4. Like you, I wanted to be a writer from the time I was small, and was forever writing something or other.
    At least until I became an adult, when “real life” kicked in and there just was never enough time to write.

    When I started blogging, it was the perfect opportunity to resurrect that writer within, the one who had never died but was just lying fallow, waiting to someone to wake her up.

    Yes, I believe anyone who has a love and need to express themselves via the printed word, and who does do, is definitely a writer. Own it!

  5. If it is any consolation, your written work helped inspire your little brother, too. Unfortunately, I've been in the same boat – when is there time for writing when lectures need to be planned and tests need to be graded? There are some nights, though, when I put myself to sleep imagining having a short story or two published.

  6. So many things I would to say here but I don't have time to formulate my thoughts. You are a very good writer, published or not. I seek out your blog regularly. I hope that you keep practicing and I would surely read anything that you published – except maybe another textbook because I am sick of those. (sorry). I love Wednesday Sisters and it was the book that sent me back to college. I love Annie Lamott. I love to write but every one of my days goes by so fast I forget to do what I love best. Thanks for a lovely post. Belle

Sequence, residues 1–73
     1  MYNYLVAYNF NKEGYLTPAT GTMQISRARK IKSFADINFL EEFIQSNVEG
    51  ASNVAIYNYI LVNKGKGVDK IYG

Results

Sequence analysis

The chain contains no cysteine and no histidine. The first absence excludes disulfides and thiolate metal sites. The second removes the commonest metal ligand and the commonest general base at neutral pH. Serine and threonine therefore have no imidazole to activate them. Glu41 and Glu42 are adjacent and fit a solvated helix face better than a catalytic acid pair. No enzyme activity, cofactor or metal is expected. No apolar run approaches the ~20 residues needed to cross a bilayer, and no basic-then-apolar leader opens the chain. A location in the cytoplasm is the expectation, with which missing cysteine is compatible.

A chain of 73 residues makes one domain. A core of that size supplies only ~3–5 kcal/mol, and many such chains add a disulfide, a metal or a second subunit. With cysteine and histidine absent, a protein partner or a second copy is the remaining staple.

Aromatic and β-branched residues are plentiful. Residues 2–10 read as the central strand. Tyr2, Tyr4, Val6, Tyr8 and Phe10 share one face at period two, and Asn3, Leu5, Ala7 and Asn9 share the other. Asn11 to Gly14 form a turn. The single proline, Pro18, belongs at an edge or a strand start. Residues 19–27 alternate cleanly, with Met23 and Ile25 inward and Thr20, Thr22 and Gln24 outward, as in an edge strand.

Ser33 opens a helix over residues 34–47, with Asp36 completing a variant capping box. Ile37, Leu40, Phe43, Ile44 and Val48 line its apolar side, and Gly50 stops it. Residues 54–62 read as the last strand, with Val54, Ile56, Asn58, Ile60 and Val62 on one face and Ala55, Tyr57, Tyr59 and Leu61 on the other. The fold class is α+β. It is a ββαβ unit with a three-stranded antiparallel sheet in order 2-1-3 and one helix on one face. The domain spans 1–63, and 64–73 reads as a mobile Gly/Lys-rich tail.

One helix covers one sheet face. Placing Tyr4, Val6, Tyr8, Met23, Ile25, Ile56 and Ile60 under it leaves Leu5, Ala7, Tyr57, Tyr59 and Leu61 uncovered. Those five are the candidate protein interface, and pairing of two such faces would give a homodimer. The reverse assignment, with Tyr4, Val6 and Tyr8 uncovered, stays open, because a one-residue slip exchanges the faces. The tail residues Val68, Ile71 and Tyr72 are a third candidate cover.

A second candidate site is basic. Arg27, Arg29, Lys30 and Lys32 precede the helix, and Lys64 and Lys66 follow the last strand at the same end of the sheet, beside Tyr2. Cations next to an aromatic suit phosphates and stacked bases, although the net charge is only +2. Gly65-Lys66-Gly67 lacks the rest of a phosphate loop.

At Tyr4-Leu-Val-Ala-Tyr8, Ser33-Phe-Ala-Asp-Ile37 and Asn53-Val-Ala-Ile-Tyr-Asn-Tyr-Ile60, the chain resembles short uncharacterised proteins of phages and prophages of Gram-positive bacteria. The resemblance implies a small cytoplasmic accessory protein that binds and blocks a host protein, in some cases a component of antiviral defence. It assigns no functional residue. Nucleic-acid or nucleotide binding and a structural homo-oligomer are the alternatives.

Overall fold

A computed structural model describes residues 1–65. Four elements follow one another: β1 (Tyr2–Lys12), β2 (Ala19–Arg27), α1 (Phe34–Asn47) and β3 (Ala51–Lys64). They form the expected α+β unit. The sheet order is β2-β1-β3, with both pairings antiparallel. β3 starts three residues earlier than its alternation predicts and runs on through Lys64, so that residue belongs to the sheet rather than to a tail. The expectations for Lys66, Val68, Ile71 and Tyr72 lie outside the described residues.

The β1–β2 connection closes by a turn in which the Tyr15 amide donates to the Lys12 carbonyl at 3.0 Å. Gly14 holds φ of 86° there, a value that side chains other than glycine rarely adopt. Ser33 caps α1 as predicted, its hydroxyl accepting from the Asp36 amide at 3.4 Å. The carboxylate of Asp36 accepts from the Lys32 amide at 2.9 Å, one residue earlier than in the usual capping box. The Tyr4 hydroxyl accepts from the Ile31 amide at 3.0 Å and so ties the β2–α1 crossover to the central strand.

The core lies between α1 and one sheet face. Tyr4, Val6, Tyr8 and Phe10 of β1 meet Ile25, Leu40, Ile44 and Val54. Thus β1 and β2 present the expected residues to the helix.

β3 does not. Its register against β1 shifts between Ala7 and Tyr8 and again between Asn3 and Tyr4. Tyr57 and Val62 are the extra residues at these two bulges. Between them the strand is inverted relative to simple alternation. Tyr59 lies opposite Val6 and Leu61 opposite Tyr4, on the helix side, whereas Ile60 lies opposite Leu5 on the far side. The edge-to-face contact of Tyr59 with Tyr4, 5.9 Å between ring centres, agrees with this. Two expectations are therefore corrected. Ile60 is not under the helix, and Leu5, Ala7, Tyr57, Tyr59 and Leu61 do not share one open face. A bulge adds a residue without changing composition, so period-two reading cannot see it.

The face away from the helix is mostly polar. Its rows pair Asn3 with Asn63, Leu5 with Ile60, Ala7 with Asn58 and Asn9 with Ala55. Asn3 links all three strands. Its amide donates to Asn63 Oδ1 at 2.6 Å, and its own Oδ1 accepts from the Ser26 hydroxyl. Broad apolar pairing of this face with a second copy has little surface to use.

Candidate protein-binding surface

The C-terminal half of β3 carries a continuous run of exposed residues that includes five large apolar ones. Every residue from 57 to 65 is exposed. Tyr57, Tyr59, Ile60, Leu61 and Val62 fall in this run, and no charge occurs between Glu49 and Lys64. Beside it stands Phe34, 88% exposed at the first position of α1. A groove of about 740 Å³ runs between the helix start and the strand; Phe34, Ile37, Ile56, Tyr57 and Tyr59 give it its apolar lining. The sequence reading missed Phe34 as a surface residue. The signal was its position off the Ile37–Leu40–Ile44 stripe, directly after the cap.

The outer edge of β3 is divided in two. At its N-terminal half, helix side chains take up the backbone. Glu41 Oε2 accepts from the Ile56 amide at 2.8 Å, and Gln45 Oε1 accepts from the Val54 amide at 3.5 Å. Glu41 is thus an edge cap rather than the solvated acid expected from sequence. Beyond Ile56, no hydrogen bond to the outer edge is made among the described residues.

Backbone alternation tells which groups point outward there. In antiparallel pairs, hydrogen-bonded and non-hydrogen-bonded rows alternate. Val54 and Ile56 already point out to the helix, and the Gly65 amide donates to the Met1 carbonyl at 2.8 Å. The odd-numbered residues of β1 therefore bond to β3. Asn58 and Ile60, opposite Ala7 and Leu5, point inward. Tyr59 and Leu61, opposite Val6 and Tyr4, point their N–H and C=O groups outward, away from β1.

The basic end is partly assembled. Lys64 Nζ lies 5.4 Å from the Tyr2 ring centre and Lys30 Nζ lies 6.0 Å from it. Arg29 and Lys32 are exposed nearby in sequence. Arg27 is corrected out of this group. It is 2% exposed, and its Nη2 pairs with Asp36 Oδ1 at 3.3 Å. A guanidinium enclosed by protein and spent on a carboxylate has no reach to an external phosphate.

7. Laurel, thanks for sharing you experiences and congrats on publishing your books. Like you, I'm so glad to be able to blog and have that sense of community and sharing with other folks.

    Deborah, yes, I think you're right. Anyone can write, but can you be a “successful” writer, whatever that means. I've learned for many things in life, it's better to focus on the process rather than the end result, and I'm trying to apply that to writing as well. I like thinking about there being no time limit, though.

    Dawn, thanks. I'm so enjoying re-reading Annie Lamott's book.

    Becca, it's sad how many of us somehow find ourselves moving away from the things we know made us happy. But glad we've both found our way back!

    Boo, that does mean a lot to have inspired my little brother. When I think I don't have time, I try to think of all the writers I know who somehow found the time in the middle of chaotic lives, even women who wrote novels while they had small children. I guess you just have to make it a priority and then make it a habit.

    Belle, thanks so much. I don't blame you at all for having had enough of textbooks! That's great that a book helped send you back to college! I often find I know what I need to do to be happy in my life, but for some reason, I don't always do it.

  8. I am really enjoying your blog, it has provided me an immense information I was searching for months. I am working on my literature review and it seems that with your blog's help,I will come up wiht a perfect review.Regards.